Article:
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Most people need at least a shred of privacy in their lives — and are even more fiercely protective of it when it comes to their kids. It’s why an increasing number of moms and dads are feeling betrayed by their children’s schools, who often collect and use sensitive data on students like a valuable form of currency.
"It’s crazy. It’s creepy. Why are they collecting all this data on our children, and what are they doing with it?" says Colorado mother of three Traci Burnett in speaking with the Gazette, a Colorado news outlet, for a story this week about kids and privacy in that state. But many parents across the country believe that schools gather too much personal information about their children and families — typically in the name of bettering student achievement — and now national legislators are considering various new laws on data privacy.
According to EPIC’s student privacy project director Khaliah Barnes, who wrote on the topic for the New York Times in December, “The collection of student data is out of control. No longer do schools simply record attendance and grades. Now every test score and every interaction with a digital learning tool is recorded. Data gathering includes health, fitness and sleeping habits, sexual activity, prescription drug use, alcohol use and disciplinary matters. Students’ attitudes, sociability and even ‘enthusiasm’ are quantified, analyzed, recorded and dropped into giant data systems.” The rampant data collection, she added, “is not only destroying student privacy, it also threatens students’ intellectual freedom. When schools record and analyze students’ every move and recorded thought, they chill expression and speech, stifling innovation and creativity.” Some cafeteria software, according to Marketplace, tracks eligibility for free and reduced-price lunches, including sensitive financial data about a student’s family such as weekly income and alimony payments.
The Electronic Privacy Information Center (EPIC), a non-partisan research organization, reports that students’ personal information is often collected through in-school surveys, sometimes for commercial use. Congress most recently addressed such surveys in the No Child Left Behind Act, providing parents and students the right to be notified of, and consent to, the collection of student information, though it allows for many exceptions.
And while federal laws protect children’s privacy, most have loopholes. The Family Educational Rights and Privacy Act (FERPA), for example, doesn’t cover online educational data or third-party vendors, and is up for Congressional revision. A hearing in Washington earlier this month addressed how emerging technology affects student privacy, and what additional protections are needed. “Think George Orwell and take it to the nth degree,” explained Fordham University Professor Joel Reidenberg, when asked what information would be available in one findable place on any particular preschool through college student.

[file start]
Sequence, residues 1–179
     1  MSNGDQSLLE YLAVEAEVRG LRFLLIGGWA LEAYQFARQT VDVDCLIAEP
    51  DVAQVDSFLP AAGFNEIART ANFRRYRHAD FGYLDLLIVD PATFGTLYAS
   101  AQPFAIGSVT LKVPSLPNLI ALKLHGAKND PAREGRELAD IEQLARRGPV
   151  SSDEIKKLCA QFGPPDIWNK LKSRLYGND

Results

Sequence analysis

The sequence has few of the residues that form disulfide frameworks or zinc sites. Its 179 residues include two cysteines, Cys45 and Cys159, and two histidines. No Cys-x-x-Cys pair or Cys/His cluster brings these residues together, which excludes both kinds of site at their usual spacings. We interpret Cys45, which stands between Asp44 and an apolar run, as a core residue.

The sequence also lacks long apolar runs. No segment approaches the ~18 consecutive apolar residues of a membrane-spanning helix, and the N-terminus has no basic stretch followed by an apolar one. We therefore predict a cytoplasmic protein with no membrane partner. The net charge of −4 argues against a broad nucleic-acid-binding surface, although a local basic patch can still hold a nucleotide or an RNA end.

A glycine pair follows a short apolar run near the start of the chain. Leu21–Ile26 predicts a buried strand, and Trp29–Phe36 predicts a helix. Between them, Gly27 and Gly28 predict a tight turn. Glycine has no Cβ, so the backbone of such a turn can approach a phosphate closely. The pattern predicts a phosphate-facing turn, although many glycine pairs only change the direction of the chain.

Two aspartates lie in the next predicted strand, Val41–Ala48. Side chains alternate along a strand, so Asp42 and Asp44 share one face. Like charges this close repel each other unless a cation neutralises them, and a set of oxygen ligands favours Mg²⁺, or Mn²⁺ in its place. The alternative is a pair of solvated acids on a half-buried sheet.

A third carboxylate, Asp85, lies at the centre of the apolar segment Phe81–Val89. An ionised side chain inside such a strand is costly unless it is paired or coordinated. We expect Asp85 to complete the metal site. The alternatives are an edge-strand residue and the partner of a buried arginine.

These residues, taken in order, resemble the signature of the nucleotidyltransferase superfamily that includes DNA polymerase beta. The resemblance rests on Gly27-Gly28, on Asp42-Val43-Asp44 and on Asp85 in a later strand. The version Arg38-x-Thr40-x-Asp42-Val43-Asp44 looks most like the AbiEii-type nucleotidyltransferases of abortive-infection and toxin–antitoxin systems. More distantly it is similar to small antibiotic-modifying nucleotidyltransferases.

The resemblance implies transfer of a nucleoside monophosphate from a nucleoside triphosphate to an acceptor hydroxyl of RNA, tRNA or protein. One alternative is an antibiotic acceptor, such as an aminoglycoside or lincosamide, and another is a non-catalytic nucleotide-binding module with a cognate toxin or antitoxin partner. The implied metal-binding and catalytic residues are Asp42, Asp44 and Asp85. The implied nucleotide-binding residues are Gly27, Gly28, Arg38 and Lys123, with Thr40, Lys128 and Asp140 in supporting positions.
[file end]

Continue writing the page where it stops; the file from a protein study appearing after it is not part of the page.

The concerns have prompted President Obama to propose the Student Digital Privacy Act, to ensure that data collected in the educational context is used only for educational purposes. The bill would prevent companies from selling student data to third parties for purposes unrelated to the educational mission, and from engaging in targeted advertising to students based on data collected in school – though it would still allow for research initiatives to improve student learning outcomes, as well as efforts by companies to improve their learning technology products.
“The Education Department and the Federal Trade Commission could and should do more to protect student privacy,” wrote EPIC president Marc Rotenberg in a statement submitted to the recent Congressional hearing. “But because they have not, meaningful legislation will provide a private right of action for students and their parents against private companies that unlawfully disclose student information.” Recently, as just one example, the statement explained, EPIC filed an extensive complaint with the FTC concerning the business practices of Scholarships.com. “The company encouraged students to divulge sensitive medical, sexual, and religious information to obtain financial aid information,” Rotenberg explained. “The company claimed that it used this information to locate scholarships and financial aid. Scholarships.com, however, transferred the data to a business affiliate that in turn sold the data for general marketing purposes.”
Jules Polonetskys, the executive director of the Future of Privacy Forum, wrote in the New York Times that he believes transparency is key. Most important, to build trust in the new technology, parents need to be kept in the know. The paramount concern of schools and tech and data companies should be making sure parents and students understand why and how technology and data are being used to advance learning, how the information collected is protected in the process and what the schools are doing to safeguard protected information.”
It’s an idea that Colorado mom, Traci Burnett, can get behind. “I think people have forgotten these are my kids, not the school’s,” she told the Gazette. “When you start linking all this data — my kid’s biometrics, with an address, a juvenile record, voter registration, you get a profile, and there’s so much wrong with that. The danger is that the information doesn’t need to be in the hands of the state or federal government. It reminds me of China — we’re going to flow you to the correct job so you can be productive in our society.”